It has been a tough week for Obamacare. Voices warning the law is in trouble are beginning to break through the echo chamber of good news usually maintained by the law’s supporters.
Tuesday I highlighted a statement by the Tennessee Insurance Commissioner who warned that the exchange in that state was “very near collapse.” Wednesday I noted a professor at Texas A & M’s School of Public Health told the Texas Tribune, “We may be beginning to see the death spiral of insurance plans in the exchanges.”
Today, Vox reporter Sarah Kliff published her interview with Princeton health economist Uwe Reinhardt. Kliff prefaces the interview by saying Reinhardt offered “the most dire and pessimistic assessment of the marketplaces’ future” of anyone she had spoken to recently. Still, as this week has show, negative views of the law seem to be more common than they were even a few months ago. From Vox:
SK: So what happens in a system like this? Does it eventually right itself, or does it fall apart?
UR: Liberals think this will settle itself. Eventually, though, we all know about the death spiral that actuaries worry about, and I think what you’re seeing now is a mild version of that. These things accelerate, as premiums keep rising.
We’ve had two actual death spirals: in New Jersey and in New York. New Jersey passed a law that had community rating but no mandate, so that market shrank quickly and premiums were off the wall. You look at New York and the same thing happened; they had premiums above $6,000 per month. The death spiral killed those markets.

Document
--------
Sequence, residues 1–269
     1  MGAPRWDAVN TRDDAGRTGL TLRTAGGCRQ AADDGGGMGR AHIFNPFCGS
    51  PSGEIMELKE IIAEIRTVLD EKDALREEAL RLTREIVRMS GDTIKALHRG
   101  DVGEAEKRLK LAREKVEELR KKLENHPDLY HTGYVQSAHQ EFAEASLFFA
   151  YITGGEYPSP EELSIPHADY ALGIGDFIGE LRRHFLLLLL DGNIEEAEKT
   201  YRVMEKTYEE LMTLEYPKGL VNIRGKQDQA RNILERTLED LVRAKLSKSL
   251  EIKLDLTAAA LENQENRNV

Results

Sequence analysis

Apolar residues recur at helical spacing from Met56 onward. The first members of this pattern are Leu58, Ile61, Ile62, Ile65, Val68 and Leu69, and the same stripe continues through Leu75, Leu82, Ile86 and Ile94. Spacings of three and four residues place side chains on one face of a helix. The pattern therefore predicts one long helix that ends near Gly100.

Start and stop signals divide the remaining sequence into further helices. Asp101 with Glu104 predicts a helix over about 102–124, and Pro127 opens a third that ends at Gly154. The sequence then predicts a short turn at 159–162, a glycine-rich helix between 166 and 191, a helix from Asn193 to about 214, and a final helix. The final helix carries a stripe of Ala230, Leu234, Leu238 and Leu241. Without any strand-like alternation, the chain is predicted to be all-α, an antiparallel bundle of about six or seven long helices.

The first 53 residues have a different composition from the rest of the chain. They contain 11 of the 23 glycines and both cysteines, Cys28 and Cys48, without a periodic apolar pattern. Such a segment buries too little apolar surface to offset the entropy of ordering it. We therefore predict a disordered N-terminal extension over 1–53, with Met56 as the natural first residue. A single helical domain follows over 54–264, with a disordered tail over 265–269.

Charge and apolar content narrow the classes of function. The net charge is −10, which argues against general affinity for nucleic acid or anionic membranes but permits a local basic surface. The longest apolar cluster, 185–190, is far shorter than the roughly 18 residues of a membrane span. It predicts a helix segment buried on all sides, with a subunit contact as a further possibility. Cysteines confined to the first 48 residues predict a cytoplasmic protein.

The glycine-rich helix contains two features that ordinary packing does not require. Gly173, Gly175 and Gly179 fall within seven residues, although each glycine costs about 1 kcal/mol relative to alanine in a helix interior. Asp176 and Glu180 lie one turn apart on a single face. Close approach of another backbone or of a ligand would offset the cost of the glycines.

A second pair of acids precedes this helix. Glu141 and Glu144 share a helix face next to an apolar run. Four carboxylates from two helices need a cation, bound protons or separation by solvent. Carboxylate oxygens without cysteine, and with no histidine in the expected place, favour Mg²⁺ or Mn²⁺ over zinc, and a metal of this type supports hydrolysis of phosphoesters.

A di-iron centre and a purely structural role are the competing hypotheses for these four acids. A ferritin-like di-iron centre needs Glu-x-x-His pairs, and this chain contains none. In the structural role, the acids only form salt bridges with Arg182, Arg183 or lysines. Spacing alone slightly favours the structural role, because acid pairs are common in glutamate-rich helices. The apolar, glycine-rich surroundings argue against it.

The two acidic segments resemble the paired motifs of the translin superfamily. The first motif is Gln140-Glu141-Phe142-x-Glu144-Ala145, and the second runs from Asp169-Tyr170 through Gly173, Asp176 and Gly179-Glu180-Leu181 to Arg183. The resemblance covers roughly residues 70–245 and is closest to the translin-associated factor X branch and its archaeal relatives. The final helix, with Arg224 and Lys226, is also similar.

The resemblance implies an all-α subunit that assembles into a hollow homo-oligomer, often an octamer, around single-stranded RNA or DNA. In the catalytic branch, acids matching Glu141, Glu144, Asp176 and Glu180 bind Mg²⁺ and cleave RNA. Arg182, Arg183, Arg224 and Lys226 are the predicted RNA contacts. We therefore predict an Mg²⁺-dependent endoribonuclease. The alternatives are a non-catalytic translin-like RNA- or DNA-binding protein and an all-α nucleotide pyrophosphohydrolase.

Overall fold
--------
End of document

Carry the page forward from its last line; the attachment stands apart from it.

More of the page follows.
What we do have in the Affordable Care Act is the mandate, so it will be a slower process. If the premium increases go through for 2017, some are 8 or 9 percent, and that is stiff. If those rates get improved, those are big enough that a lot of people will drop out.
I’m guessing here but I wonder if Reinhardt actually said “if those rates get approved” rather than “improved.” In any case, it’s clear what he means. Higher rates are going to drive people out, despite the mandate.
The requested premium increase from all insurers nationwide is around 24 percent, though that assumes everyone just renews the same plan. In reality, many people will shop for a new, cheaper plan to try to minimize the rate hikes. But even so, as Reinhardt points out, they are going to see an increase over last year and probably a large one.
Vox points out that most people currently buying Obamacare plans won’t see most of that increase thanks to subsidies. That’s true but it doesn’t shield those who aren’t eligible for the subsides. It also doesn’t shield taxpayers who have to cover the additional cost for the people who do get the subsidies. One way or another, a jump in rates is not good news for Obamacare.